Those of us in the over-35 age range probably have a bit of difficulty jumping on the “sprouts” bandwagon. Though they lately seem to be making a more mainstream comeback, I know I associated “bean sprouts” with women who never shaved their legs or used deodorant. This was not an a group I felt an affinity for and so I didn’t give sprouts much thought. More recently, I have reconsidered.
Especially on these darker yucky days of winter, I am longing for fresh produce. I’m regretting that I did not follow through on my intention to get winter salad greens sown in our raised beds. Fortunately, produce is presently available to me at most markets so that I don’t develop scurvy or vitamin K deficiency. One of the big down sides is that I have to be willing to shell out what seems like a hefty sum for fruits and veggies grown thousands of miles away and shipped to our locale.
What if the shipments stop?
We live in a wealthy nation with adequate food supplies available to most people. Not so for Greece where people are becoming desperate. If our country continues along its present path, we may be headed the same direction. Regardless of the reason for the food scarcity though, any interruption in the commercial supply of nutritious food could wreak havoc on our health. We’ve got to plan ahead.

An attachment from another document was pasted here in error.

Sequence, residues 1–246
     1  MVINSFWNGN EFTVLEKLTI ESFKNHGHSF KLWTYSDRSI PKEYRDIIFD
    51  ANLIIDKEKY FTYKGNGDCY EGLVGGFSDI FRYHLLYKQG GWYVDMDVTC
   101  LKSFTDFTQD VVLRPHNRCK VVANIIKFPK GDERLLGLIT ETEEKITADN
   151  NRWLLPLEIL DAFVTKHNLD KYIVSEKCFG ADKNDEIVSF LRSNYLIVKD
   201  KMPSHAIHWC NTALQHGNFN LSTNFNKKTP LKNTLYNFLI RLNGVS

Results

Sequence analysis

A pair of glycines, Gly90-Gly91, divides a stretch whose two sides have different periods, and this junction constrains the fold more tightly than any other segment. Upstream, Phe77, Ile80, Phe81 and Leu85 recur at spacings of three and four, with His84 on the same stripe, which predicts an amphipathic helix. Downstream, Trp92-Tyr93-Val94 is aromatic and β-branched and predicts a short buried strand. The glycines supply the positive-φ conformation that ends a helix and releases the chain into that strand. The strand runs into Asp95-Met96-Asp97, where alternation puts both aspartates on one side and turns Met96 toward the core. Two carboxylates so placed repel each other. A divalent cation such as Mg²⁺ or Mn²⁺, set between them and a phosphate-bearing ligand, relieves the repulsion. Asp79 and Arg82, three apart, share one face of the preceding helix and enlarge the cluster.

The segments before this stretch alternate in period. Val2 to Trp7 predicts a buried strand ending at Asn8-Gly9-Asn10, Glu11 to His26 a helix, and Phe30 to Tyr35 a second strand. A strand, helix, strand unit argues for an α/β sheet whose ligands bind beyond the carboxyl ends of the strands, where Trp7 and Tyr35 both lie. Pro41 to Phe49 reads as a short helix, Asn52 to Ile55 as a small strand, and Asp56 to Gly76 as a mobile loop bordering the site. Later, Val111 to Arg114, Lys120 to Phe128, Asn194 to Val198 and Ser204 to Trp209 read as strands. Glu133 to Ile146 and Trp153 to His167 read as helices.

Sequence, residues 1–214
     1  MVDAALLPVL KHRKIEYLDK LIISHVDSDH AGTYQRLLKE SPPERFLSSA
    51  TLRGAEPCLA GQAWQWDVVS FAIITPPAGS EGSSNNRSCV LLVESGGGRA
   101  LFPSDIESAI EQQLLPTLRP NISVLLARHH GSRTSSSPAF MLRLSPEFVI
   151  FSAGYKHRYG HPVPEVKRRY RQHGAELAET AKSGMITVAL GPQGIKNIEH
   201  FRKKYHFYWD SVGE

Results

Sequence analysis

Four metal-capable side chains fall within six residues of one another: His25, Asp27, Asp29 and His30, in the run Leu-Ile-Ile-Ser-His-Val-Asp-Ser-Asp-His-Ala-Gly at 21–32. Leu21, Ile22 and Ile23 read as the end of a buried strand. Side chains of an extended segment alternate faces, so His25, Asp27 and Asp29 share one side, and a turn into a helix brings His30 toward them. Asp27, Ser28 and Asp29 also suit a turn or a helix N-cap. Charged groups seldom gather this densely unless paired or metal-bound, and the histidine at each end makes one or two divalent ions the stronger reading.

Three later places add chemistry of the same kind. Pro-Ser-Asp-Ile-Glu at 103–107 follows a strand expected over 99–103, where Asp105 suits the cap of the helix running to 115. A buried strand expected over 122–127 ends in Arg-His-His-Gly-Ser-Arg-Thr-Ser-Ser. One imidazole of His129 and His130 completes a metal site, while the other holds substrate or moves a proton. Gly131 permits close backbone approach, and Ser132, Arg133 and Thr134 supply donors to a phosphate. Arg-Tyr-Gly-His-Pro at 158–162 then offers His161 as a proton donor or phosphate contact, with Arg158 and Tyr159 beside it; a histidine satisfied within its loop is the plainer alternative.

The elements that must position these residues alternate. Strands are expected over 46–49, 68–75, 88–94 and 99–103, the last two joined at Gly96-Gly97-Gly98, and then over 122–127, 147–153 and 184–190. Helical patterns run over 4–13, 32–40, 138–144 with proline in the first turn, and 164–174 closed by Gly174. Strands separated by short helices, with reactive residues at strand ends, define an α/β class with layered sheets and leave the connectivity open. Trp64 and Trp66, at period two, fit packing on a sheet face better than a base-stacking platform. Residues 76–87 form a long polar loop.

Possibilities for Produce
If we become completely responsible for the food we eat, that essentially leaves only a few options.
- Store the food (freeze-dried or dehydrated in the case of produce)
- Forage (good choice, but requires thorough knowledge of plant ID and availability)
- Grow it
Dried foods are pretty tasty and have their place in a food storage system. Nutritionally, they are a good choice since they retain most of the original nutrients and can be largely used the way fresh foods are. The down side is they tend to be pricey.
Joe and I thoroughly recommend that you study up on what plants can be foraged for food or medicine in your area and maybe even start patches of these things on your property. That’s not a weekend project, though.
Growing your own becomes an obvious advantage. I’d recommend keeping a year ’round supply of salad greens going in sheltered beds (do as I say rather than as I did on this one. 😉 ). If that is not possible for reasons of outdoor space, extreme weather, or other, sprouts will be an even better choice.
Growing sprouts is economical, space-saving, and a very healthy option. With about 2 minutes of your time each day, you can keep healthy greens coming every day of the bleak winter.
In a future piece, I will give more information on where you can get supplies, what kinds of sprouts you may want to try, how to use them, and the nutritional benefits.